Many of the people Cimorene encounters are hung up on doing things the way they are expected to, often without any real additional reason. The story uses sly humorous references to familiar fairytales, such as sleeping beauty and St. George the dragon slayer, to explain why these various characters feel their obligations. Cimorene often succeeds because she thinks about the best course of action, she doesn’t just do what is expected.

For that reason, I think it would be a good book for kids, like it was for me. Kids get too hung up on how people will think of them, and not always with bad reason. Other kids can be eager to harshly deliver this message. In adulthood, what makes you different is usually valuable. Adults have to help kids resist the pressure to always conform. It’s also a good book for adults because it is a lovely and swift read. The whole book is only 212 pages long, and those are fast-moving pages. It would not be hard to finish this book in an evening.

Swimming at the Shore

Alas no, I am not swimming at the shore for some time. But I like to pretend that I might be soon, and so I wistfully mull through my photos. I love to swim, and anytime I visit non-lethal water, I want in. The next best option is photographing. The two mix poorly, but I try. Below are some lovely tropical beaches, and some gloomy beaches and some extremity-numbing fjord beaches.

As a point of pride, I did get in the fjord and swim to a dock about 30 feet out, but I was going numb. Because children are insane, several children also did and wondered why I minded. This summer I’m visiting the Outer Banks of NC, and hoping to try a little surfing.

Happy Friday!

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Playa del amor in Cabo San Lucas.

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Dungeness Spit on Olympic Peninsula in Washington State.

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Sunrise in the Outer Banks of North Carolina.

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The dunes of North Carolina at sunrise.

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Swimmin in fjord water in Solvorn, Norway.

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Shore birds of the gulf coast of Florida.

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Happy 50th Anniversary, Chaos

This month, the American Physics Society magazine, Physics Today, published an article about the 50th anniversary of the Lorenz model. At the link, you can read the entire article. In it, experts describe the history of chaos, Lorenz’s discovery of it, and some of the state of the field today, but with a great deal less technical jargon.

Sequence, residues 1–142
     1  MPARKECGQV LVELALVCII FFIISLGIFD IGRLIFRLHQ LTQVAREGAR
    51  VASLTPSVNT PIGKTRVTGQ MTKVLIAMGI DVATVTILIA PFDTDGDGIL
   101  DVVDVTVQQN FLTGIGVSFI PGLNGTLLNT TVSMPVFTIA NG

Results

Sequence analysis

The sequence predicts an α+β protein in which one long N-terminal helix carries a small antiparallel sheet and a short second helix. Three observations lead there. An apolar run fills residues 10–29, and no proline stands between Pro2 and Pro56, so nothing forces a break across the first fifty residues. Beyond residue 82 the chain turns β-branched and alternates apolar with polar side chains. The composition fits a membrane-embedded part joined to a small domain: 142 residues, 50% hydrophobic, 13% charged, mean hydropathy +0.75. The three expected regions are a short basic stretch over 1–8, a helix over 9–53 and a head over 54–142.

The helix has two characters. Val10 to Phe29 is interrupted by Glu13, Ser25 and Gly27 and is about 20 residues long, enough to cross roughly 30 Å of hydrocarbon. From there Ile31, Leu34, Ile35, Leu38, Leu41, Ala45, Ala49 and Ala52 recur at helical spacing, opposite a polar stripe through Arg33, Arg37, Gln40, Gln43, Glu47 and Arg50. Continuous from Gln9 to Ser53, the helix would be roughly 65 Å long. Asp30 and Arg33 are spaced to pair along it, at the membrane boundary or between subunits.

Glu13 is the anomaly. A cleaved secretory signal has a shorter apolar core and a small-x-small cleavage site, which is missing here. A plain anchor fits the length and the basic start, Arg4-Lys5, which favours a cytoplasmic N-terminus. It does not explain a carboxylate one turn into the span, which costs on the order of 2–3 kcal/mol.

50 years ago, Edward Lorenz first captured the mathematical phenomena we now know as chaos, known popularly as the “butterfly effect“. Below is a picture from the Lorenz model exhibiting chaos. The idea of chaos boils down to highly structured behavior that cannot be predicted. No matter how precisely we measure, after some time we cannot know the state of the system. We can say that the system will stay in a certain region of weather; in the picture below, there are definitely places the trajectory does not visit. We observe this with weather models– the forecast is good for a couple of days, so-so for a couple of days after that, and completely inaccurate for any time farther in the future. Analogously, we can say that it will not be -100 C tomorrow. Appropriately, Lorenz’s discovery of chaos came about as he tried to develop a model for the weather. Chaos is all around us and can be observed in a number of systems.

the Lorenz system, which turned 50 this year

At this link, you can play with a fun Lorenz model java applet. The trick with the applet is choosing the right parameters. Try setting the “spread” to 0.1, the “variation” to 20, the “number of series” to 2, and the “refresh period” to 100. Then push the button “reset the parameters” and “restart”. This will start 2 trajectories in the Lorenz model that differ by only 0.1. You will quickly see the two paths diverge and become completely unrelated. If you reduce the “spread” to 0.01, the same thing will happen, though it will take longer. As long as the spread is more than 0, the two paths will eventually diverge.

This is why we cannot predict the state of a chaotic system, because our ability to measure the state of the system is inevitably flawed. If we could measure the state of the weather to 99.99999% accuracy, that 0.00001% inaccuracy would eventually lead to divergence. And you can imagine that getting 99.99999% accuracy is much harder and more expensive than 99.9% accuracy.